Brewer vs Brewer: The Aussie Invasion edition

Fellow Aussies Josh McGrogan (left) of Field House Brewing and Mike Roberts of Old Yale Brewing Co. (right) share a laugh and a pint at Old Yale's new tasting room. Lou Lou Childs photo
Fellow Aussies Josh McGrogan (left) of Field House Brewing and Mike Roberts of Old Yale Brewing Co. (right) share a laugh and a pint at Old Yale’s new tasting room. Lou Lou Childs photo

Australia and Canada have always had a natural affinity for each other. Perhaps it’s the shared colonial heritage that’s responsible for that connection. Or maybe it’s the fact that both countries are sparsely-populated outposts at opposite ends of the Pacific; one encased in ice, the other scorched by the sun.

Personally, I think our common love of beer could have a lot to with it. Don’t believe me? Well, take a look at who’s brewing your favourite craft beer or pouring your next pint. Don’t be surprised if they have a funny accent and a penchant for wearing flip-flops.

It’s true! Hordes of Aussies, working holiday visa in hand, land on our fair shores every year, and the ones that don’t end up in Whistler working the ski lifts seem to gravitate towards the craft beer industry. In fact, plucky antipodeans like Dean McLeod at Victoria Caledonian Brewing (and previously with Lighthouse Brewing), Daniel Murphy at Canoe Brewpub and former Steamworks brewer Caolan Vaughan have all had a role in the growth of the BC craft beer scene.

As it turns out, Australia is also undergoing its own craft beer revolution. From its humble beginnings in the gastronomic capital of Melbourne, craft beer has spread to every state and major city.

I sat down with fellow Aussies Mike Roberts (head brewer at Old Yale Brewing) and Joshua McGrogan (Field House Brewing’s tasting room manager and “Director of Experience”) to chat about what drew them to Canada (women, as it turns out), their perspective on BC’s craft beer scene, and what’s brewing Down Under.

Also, before I get any angry emails, I realize Josh isn’t technically a brewer, but he’s Australian, he knows his beer, and he was available.


Growler: So how the hell did you guys end up in Canada?

Mike Roberts: I was travelling Europe and I met a bunch of Canadians travelling around, and they said if you’re ever in Canada, come stay with us… so I ended up coming out to Canada. I had plans to go back to Australia and study to become a brewer – I was working at a brewery in Edmonton – and I stopped in to visit some friends in Vancouver, and met a girl at a party. We did the long-distance thing, and she moved down to Melbourne for a year, then we moved back here and got married.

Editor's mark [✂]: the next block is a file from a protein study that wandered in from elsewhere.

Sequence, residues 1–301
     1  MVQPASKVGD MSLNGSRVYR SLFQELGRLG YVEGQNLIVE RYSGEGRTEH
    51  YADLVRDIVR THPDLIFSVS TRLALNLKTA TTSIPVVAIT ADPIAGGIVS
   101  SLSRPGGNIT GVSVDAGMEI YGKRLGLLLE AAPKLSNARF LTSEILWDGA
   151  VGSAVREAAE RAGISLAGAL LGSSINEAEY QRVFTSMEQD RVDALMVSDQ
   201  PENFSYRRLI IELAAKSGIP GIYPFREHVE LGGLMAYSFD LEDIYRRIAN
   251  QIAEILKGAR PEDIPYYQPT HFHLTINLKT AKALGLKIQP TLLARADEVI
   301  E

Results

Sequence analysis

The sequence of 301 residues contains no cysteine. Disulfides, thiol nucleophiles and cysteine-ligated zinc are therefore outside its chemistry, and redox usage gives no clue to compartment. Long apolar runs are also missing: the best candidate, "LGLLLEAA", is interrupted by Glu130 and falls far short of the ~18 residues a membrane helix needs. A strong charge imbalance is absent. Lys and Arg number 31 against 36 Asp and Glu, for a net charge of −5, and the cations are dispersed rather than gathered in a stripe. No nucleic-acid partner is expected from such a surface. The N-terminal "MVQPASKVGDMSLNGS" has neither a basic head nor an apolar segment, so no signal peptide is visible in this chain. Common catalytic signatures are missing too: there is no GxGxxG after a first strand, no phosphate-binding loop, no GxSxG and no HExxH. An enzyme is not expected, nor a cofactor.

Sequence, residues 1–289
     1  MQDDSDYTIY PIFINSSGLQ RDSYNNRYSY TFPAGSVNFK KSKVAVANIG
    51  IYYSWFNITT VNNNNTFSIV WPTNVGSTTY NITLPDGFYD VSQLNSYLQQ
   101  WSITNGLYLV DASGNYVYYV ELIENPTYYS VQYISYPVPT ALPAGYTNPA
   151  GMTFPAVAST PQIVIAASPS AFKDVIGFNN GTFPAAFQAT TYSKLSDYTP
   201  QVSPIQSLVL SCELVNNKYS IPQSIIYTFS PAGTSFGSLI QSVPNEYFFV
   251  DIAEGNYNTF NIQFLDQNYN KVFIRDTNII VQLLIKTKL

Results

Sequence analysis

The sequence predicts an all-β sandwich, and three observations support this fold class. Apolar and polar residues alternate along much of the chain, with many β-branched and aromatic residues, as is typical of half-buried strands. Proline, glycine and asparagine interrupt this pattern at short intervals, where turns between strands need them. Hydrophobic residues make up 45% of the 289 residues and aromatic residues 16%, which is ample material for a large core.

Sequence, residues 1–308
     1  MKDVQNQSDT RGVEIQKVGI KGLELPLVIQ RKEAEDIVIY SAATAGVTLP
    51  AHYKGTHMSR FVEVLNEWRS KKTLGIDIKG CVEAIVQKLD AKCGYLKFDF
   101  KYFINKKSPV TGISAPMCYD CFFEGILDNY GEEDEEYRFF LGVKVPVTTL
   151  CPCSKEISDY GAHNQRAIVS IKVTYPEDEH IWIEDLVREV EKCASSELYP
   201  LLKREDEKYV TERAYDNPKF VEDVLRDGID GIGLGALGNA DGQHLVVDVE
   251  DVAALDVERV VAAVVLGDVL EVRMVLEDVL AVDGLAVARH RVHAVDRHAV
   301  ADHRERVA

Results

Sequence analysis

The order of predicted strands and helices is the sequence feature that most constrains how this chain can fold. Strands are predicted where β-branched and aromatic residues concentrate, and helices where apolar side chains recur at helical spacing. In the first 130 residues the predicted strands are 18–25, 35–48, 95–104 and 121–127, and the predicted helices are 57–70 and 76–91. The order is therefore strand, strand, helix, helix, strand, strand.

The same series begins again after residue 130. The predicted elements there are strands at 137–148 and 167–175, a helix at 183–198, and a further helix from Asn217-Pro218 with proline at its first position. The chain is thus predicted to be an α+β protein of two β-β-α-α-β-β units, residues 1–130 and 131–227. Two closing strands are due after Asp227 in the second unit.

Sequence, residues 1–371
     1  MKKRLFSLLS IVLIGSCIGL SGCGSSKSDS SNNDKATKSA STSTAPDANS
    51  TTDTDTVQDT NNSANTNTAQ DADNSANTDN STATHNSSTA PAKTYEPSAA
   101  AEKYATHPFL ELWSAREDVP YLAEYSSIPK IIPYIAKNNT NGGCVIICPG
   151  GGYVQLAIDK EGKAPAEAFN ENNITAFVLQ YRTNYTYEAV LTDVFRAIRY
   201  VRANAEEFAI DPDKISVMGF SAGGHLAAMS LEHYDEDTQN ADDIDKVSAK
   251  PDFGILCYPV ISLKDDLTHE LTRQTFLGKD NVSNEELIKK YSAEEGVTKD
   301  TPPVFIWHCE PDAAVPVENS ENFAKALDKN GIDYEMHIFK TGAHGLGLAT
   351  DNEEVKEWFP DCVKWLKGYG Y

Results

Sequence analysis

Joshua McGrogan: Yeah, similar story. I graduated from university at the end of 2012 with a bachelor’s of commerce and decided to move to England, to London. I ran a gastropub there, and that’s where I met my now fiancée, and we moved [to Abbotsford], where she’s from.

Mike: Yeah, almost every person you meet from back home, you ask them, what brought you here, and they answer, “I married a Canadian girl.”

Joshua: Australia and Canada, our cultures are very compatible, and in a lot of ways we’re very similar. We both definitely have a love for beer.

Mike: Yeah, we mix really well, we have similar drinking habits, and when Canadians and Australians get together, it’s always a good time.

Growler: So what’s the beer scene like in Australia right now? We’ve seen unprecedented growth here in BC in the past five years, but a lot of that had to do with the liquor laws finally changing. Has there been that same sort of growth in Australia?

Mike: Australia has similar issues with taxation, so it’s very tough to turn a profit for a craft brewery. All the taxation laws were written by Foster’s, basically, back in the day. So they’re made for large-scale [operations], so it’s just tough to do small batch. But [unlike BC] the laws haven’t really changed much, they are still lobbying for changes. They’ve made it easier here, so you’ve seen that explosion, but it’s happening [in Australia], just not as fast. [The craft beer scene] started in Melbourne and blew up there, way earlier than Vancouver. The food and coffee scene and wine scene was always there, so beer just fit right in. And now other big cities are following. Sydney, Brisbane is really taking off, Adelaide is great, Perth is crazy, there’s some great breweries there.